The Herd Control System (HCS) causes compunction about actions, words, and attitudes that would be frowned upon (or objected to) by others — especially those who control social roles that the individual occupies or would like to occupy. We can call this group of potential objectors the individual’s “normative audience”.
The Justification Control System (JCS) tries to adjudicate between the LCS and the HCS whenever they are in conflict. It’s goal is to justify self-serving actions, words, and attitudes to those in one’s normative audience who might otherwise object.
These three systems are similar to Freud’s id, superego, and ego. And it might be tempting to assign: LCS = id, HCS = superego, and JCS = ego. But the mapping is inexact, and the Freudian categories carry a lot of extra baggage, so I ask the reader to resist this urge.
One might also imagine that these evolved in sequence in the lineage between humans and the common ancestor we share with, say, lizards. This is fine as a memory aid, though it is not being offered as a serious evolutionary hypothesis.
Social Roles and Normative Complexity
Most human beings need to occupy social roles in order to meet their needs. And stakeholders guard many of these roles. A person must satisfy stakeholders to get the roles, and, if they displease the stakeholders, they can lose the roles.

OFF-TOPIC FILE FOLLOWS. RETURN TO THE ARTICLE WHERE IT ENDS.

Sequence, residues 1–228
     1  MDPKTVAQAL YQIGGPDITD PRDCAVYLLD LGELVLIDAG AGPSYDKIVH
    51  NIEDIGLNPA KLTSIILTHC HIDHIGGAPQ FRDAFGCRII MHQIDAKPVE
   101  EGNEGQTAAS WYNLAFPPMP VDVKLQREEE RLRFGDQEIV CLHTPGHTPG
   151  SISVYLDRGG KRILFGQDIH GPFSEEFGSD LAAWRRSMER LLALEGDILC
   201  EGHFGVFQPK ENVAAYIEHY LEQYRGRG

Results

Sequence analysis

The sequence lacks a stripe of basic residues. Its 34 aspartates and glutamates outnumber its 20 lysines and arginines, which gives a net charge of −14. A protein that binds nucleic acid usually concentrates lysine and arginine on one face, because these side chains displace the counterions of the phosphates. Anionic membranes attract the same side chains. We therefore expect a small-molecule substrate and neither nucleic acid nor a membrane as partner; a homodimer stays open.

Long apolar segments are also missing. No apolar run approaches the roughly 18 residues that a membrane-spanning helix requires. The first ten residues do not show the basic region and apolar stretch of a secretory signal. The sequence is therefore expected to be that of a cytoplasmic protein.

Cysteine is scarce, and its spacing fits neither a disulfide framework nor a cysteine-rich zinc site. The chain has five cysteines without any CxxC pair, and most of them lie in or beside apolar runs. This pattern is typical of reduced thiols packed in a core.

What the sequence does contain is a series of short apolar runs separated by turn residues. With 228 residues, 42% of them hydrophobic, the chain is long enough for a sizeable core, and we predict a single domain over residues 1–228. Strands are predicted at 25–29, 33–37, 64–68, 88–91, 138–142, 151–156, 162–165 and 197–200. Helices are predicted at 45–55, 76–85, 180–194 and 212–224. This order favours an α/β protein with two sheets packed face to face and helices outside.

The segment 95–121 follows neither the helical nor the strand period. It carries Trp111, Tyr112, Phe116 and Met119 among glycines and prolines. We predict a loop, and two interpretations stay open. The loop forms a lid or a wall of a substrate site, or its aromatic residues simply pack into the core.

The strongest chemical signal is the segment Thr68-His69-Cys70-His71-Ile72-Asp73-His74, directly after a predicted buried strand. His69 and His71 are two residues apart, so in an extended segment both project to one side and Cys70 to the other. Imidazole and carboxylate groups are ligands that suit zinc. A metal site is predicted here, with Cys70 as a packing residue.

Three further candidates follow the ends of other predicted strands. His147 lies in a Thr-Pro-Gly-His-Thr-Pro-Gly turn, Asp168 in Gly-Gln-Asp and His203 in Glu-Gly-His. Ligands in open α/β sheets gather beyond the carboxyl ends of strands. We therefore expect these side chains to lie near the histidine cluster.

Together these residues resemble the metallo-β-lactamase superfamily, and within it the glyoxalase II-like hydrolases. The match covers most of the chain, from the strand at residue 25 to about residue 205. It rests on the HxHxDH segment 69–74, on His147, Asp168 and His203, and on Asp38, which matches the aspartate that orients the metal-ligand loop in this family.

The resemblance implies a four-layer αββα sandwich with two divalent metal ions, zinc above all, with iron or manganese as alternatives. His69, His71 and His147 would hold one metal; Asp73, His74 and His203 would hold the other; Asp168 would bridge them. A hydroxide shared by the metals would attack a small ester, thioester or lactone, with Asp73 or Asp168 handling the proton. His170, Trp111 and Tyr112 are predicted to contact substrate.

For instance, if you want the role of so-and-so’s romantic partner, you must convince so-and-so to put you in that role. And, at least in theory, you must keep treating so-and-so reasonably well, or they will swap you out for another.
This applies to our roles in corporations, churches, schools, social identity groups, and society as a whole (even our role as “free citizen” can be revoked if we break certain rules, or if the wrong people object to our actions).
It can be difficult to satisfy all the expectations of all the stakeholders in all of our roles. It’s tough enough with a single role with a single stakeholder. But when there are hundreds of stakeholders spread across several factions, it can be nearly impossible. In general, the more “normative complexity” we have in our lives, the harder it will be to satisfy all expectations.